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Head And Neck Cancers >> Features Archieve >> Medical Articles

This section GaramChai features Medical articles by Dr.Kumaresh Krishnamoorthy

Head And Neck Cancers

What is cancer?
Normally, cells grow and divide to form new cells in an orderly way. Sometimes, however, cells do not die. Instead, they continue to divide and create new cells that the body does not need. The extra cells form a mass of tissue, called a growth or tumor. Cancer growth invades normal structures near the growth and spreads to other parts of the body. Metastasis is the spread of cancer beyond one location in the body.

What kinds of cancers are considered cancers of the head and neck?
Most head and neck cancers begin in the cells that line the mucosal surfaces in the head and neck area, e.g., mouth, nose, and throat. Mucosal surfaces are moist tissues lining hollow organs and cavities of the body open to the environment. Normal mucosal cells look like scales (squamous) under the microscope, so head and neck cancers are often referred to as squamous cell carcinomas.

Cancers of the head and neck are further identified by the area in which they begin:

  • Oral cavity. The oral cavity includes the lips, the front two-thirds of the tongue, the gums, the buccal mucosa (lining inside the cheeks and lips), the floor (bottom) of the mouth under the tongue, the hard palate (bony top of the mouth), and the small area behind the wisdom teeth.
  • Salivary glands. The salivary glands produce saliva. There are many salivary glands; the major ones are in the floor of the mouth, and near the jawbone.
  • Paranasal sinuses and nasal cavity. The paranasal sinuses are small hollow spaces in the bones of the head surrounding the nose. The nasal cavity is the hollow space inside the nose.
  • Pharynx. The pharynx is a hollow tube about 5 inches long that starts behind the nose and leads to the foodpipeq and the trachea (the tube that goes to the lungs). The pharynx has three parts:
    Nasopharynx: The upper part of the pharynx behind the nose.
    Oropharynx: It is the middle part of the pharynx. The oropharynx includes the soft palate (the back of the mouth), the base of the tongue, and the tonsils.

Hypopharynx: It is the lower part of the pharynx.

  • Larynx. The larynx, also called the voice box, is a short passageway just below the pharynx in the neck. The larynx contains the vocal cords.
  • Lymph nodes in the upper part of the neck. Sometimes, squamous cancer cells are found in the lymph nodes of the upper neck. When this happens, the cancer is called metastatic squamous neck cancer.

Cancers of the thyroid as well as those of the scalp, skin, muscles, and bones of the head and neck are also grouped with cancers of the head and neck.

What are the major contributing factors for head and neck cancers?
The major causes for head and neck cancers are tobacco and alcohol use, including cigarettes, snuff, chewing tobacco, betel leaf, lime, areca nut, paan and gutka. Combining tobacco and alcohol use poses an even greater risk. Other causes include: Viruses (herpes simplex virus, Epstein-Barr virus and the human papilloma viruses) Occupation (workers in nickel refining, asbestos and wood- and leather-working industries) Radiation exposure (radium watch dial painting and thorotrast ingestion). This exposure can come from diagnostic x-rays or from radiation therapy for noncancerous conditions or cancer. Poor oral hygiene, use of mouthwash that has high alcohol content, diet deficient in Vitamin A and beta-carotene are possible, but not proven, risk factors.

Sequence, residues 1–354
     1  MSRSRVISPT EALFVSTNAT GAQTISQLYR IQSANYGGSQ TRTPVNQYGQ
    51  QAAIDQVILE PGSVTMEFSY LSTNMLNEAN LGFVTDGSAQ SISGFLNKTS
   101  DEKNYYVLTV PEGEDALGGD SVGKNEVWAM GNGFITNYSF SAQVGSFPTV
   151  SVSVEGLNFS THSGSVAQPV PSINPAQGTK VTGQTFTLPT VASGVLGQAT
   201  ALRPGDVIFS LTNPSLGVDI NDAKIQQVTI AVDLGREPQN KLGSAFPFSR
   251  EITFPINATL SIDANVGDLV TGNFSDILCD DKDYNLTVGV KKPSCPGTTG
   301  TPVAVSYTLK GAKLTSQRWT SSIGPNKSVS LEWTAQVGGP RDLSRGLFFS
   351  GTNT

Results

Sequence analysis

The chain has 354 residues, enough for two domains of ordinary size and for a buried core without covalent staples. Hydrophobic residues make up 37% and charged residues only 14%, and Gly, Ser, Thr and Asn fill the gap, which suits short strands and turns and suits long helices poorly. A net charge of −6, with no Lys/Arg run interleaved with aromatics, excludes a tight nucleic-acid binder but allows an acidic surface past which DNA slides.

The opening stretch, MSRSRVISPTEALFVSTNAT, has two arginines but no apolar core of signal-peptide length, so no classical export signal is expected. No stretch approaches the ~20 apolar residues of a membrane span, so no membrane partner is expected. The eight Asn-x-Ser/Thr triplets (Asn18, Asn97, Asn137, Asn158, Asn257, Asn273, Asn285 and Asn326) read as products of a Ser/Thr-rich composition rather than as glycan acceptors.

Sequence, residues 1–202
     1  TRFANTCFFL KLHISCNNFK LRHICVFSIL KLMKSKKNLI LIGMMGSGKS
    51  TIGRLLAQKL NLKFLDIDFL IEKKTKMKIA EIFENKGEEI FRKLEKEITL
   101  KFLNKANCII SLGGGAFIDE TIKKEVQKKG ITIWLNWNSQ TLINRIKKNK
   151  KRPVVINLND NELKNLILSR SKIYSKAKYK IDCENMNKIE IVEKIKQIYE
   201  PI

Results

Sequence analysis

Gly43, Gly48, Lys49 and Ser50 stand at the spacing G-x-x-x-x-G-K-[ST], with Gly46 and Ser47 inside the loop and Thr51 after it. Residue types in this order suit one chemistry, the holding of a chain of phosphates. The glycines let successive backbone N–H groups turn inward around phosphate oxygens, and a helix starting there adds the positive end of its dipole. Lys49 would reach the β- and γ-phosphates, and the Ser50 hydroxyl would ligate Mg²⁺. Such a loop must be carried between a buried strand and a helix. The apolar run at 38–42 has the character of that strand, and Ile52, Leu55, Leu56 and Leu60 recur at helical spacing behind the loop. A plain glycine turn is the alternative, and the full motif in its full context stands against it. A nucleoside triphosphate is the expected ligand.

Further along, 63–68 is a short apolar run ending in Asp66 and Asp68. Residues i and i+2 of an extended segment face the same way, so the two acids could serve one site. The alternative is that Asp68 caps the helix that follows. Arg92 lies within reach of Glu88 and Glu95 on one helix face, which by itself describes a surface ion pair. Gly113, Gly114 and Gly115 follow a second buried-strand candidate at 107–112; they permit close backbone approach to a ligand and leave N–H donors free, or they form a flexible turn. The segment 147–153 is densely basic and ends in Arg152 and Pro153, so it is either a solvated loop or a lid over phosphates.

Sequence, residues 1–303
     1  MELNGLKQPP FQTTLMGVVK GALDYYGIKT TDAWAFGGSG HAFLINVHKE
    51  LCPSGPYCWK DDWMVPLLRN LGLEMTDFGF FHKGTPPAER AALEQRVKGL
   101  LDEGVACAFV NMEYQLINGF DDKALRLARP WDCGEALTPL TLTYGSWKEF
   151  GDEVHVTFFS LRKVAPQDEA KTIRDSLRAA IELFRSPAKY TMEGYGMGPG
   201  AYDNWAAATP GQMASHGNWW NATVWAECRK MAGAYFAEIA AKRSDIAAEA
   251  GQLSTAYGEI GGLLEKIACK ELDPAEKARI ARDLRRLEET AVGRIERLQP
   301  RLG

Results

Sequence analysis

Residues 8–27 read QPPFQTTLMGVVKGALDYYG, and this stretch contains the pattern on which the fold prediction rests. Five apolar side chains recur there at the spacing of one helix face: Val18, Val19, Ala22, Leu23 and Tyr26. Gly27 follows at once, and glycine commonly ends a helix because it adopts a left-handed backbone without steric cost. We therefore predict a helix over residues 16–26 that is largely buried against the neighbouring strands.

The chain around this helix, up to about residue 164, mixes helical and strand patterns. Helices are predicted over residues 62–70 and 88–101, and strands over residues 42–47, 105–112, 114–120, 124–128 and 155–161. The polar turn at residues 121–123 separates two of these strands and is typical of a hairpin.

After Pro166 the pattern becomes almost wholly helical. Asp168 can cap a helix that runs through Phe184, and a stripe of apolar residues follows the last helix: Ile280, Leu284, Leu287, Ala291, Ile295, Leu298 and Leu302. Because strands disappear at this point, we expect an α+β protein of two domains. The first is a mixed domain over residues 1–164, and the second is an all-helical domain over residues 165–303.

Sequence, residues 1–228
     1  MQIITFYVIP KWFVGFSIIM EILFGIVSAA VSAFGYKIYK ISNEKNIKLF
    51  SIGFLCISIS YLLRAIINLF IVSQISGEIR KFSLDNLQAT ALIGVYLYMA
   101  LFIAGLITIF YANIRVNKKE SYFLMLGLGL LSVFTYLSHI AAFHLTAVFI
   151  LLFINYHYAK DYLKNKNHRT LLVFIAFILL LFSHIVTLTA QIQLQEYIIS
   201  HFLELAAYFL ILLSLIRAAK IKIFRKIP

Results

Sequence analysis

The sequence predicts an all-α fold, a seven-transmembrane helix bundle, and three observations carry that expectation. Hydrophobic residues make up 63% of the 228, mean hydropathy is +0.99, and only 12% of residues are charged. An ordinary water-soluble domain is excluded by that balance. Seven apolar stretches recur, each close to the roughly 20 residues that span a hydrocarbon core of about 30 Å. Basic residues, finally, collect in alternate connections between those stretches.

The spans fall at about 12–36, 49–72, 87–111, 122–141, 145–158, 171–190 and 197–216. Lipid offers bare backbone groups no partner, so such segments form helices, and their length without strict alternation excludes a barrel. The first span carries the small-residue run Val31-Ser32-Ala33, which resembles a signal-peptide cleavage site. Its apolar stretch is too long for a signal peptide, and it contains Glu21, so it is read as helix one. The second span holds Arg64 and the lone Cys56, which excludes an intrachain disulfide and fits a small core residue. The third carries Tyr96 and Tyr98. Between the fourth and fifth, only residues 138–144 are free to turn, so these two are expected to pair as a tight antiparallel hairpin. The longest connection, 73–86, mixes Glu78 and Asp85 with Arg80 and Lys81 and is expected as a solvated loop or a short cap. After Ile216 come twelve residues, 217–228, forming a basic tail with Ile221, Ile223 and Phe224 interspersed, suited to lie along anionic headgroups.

What are the warning signs of head and neck cancers?
Having any of the following symptoms for more than two weeks warrants a visit to a head and neck specialist:
A sore on the lip or in the mouth that does not heal for more than 3 weeks
A lump on the lip or in the mouth or throat that persist for more than 3 weeks
A white (leukoplakia) or red patch on the gums, tongue or lining of the mouth
Unusual bleeding, pain or numbness in the mouth
A sore throat or a feeling that something is caught in the throat that lasts for more than a month or that does not respond to antibiotics
Difficulty or pain with chewing or swallowing
Swelling of the jaw that causes dentures to fit poorly or become uncomfortable
A change in the voice or hoarseness lasting more than 3 weeks
Pain in the ear without evidence of local ear problems
Slurred speech
Loose teeth not associated with any gum problems
Unintended weight loss
Swelling, numbness, paralysis of the muscles in the face or pain that does not go away in the face, chin, or neck.
Chronic sinus infections that do not respond to treatment with antibiotics
Bleeding through the nose, frequent headaches, swelling or other trouble with the eyes.
These symptoms may be caused by cancer or by other, less serious conditions. Sometimes there are no warning signs.

What can be done to reduce the risk of developing a second new cancer?

People who have been treated for head and neck cancer have an increased chance of developing a new cancer, usually in the head and neck, food pipe or lungs. The chance is higher for people who smoke and drink alcohol. Patients who do not smoke should never start. Those who smoke should do their best to quit.

Dr.Kumaresh Krishnamoorthy, M.S (ENT)
Head and Neck Surgery Fellowship (Buffalo, USA)
Neurotology & Skull Base Surgery Fellowship (Cincinnati, USA)
Senior Consultant in ENT - Head and Neck Surgeon and Skull Base Surgeon
Apollo Hospitals, 154/11, Bannerghatta Road, BANGALORE 560 076, INDIA
Phone: 91-(0) - 99002 36819





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